A collection of historical figures share a metaphysical landscape, a scene
and ceremony of some mystery. Comanche, Seminoles, Sioux, Apache are brought
together here as if one family. Women and children form the center of the
painting; they as others stare at us, asking something of us: witness,
remember, honor spirits passing, ways of life lost, as they honored once the
buffalo in ceremony.
Quanah Parker stands at both sides of this group, pictured in the two
worlds he lived in. On the left he is Comanche War Chief and wise spiritual
leader of his people. At the right, he stands in the white man's world,
commanding the best settlements he could get for the Comanches. Respected by
white men and Comanche, this man of both bloods fought for the survival of his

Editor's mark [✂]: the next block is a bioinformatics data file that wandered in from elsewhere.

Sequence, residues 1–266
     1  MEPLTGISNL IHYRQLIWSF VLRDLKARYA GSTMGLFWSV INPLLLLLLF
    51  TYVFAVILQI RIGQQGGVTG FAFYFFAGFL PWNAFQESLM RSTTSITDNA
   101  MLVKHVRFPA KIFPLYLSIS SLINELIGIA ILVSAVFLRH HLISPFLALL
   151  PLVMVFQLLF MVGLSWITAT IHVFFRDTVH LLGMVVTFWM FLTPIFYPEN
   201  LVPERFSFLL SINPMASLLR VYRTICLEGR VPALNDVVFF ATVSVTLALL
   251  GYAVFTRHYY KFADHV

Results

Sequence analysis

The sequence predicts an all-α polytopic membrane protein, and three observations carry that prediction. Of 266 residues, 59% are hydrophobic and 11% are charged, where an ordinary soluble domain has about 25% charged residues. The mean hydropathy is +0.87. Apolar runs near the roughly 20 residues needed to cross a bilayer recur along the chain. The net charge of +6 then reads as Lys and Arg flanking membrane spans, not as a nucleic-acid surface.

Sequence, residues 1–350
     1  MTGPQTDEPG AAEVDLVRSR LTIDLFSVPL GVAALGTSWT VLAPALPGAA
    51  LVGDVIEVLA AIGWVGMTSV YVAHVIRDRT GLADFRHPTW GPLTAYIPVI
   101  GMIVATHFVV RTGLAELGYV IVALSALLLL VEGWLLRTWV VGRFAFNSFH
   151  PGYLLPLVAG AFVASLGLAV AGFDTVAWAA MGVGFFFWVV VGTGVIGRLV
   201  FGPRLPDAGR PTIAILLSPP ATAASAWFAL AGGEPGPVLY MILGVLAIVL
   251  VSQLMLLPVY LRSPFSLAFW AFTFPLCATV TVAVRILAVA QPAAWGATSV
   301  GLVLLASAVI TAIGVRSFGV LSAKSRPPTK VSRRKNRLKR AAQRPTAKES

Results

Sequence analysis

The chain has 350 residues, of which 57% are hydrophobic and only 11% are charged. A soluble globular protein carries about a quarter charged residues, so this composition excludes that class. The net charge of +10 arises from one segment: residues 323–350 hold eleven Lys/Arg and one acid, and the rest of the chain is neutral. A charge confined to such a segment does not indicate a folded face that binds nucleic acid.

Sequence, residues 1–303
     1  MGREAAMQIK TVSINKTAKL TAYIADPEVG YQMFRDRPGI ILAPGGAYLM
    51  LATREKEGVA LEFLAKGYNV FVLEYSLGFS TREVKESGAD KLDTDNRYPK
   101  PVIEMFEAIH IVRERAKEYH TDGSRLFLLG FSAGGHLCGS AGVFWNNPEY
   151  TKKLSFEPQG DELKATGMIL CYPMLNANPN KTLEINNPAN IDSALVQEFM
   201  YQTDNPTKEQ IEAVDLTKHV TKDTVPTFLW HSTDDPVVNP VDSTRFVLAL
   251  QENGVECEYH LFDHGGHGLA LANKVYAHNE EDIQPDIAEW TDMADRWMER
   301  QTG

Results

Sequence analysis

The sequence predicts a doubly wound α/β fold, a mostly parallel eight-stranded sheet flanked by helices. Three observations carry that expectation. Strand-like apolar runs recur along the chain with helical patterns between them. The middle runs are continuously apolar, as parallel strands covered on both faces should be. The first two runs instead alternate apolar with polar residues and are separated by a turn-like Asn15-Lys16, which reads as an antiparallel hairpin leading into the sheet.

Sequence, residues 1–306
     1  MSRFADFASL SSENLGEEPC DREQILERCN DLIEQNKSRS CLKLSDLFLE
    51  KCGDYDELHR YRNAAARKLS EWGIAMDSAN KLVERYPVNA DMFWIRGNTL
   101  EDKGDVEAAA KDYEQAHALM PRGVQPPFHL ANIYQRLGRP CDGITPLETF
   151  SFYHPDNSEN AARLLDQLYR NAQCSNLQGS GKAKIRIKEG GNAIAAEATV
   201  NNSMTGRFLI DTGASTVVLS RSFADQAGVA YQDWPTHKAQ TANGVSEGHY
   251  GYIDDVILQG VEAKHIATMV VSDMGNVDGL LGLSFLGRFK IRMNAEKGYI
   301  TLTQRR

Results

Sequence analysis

people, but knew how to adapt and help them survive in the new way of the
plains as cattle and fences replaced the buffalo.
Above on this empty prairie that once flourished with wild game, the
buffalo skull ceremony pays homage to the spirit of the buffalo. Facing us,
looking us squarely in the eye, these stand: Quanah Parker, his children, a
Seminole woman, an Apache woman, part of the ragtag group led by Geronimo, who
held off the U.S. Army for years, and Big Foot, as he was found, frozen on the
plains of Wounded Knee in 1891.
These people stand like another layer in the history of time, like the
stratified rocks behind them. The painting serves as a ceremony, a prayer to
honor their passing, like the buffalo skull ceremony performed above them on
the empty prairie. "Our going was with heavy hearts, broken
- And so it was over.
- I did not know then how much was ended...
- I can see that something else died there
- in the bloody mud, and was buried in the blizzard.
- A people's dream died there. It was a beautiful dream.
-Black Elk, Black Elk Speaks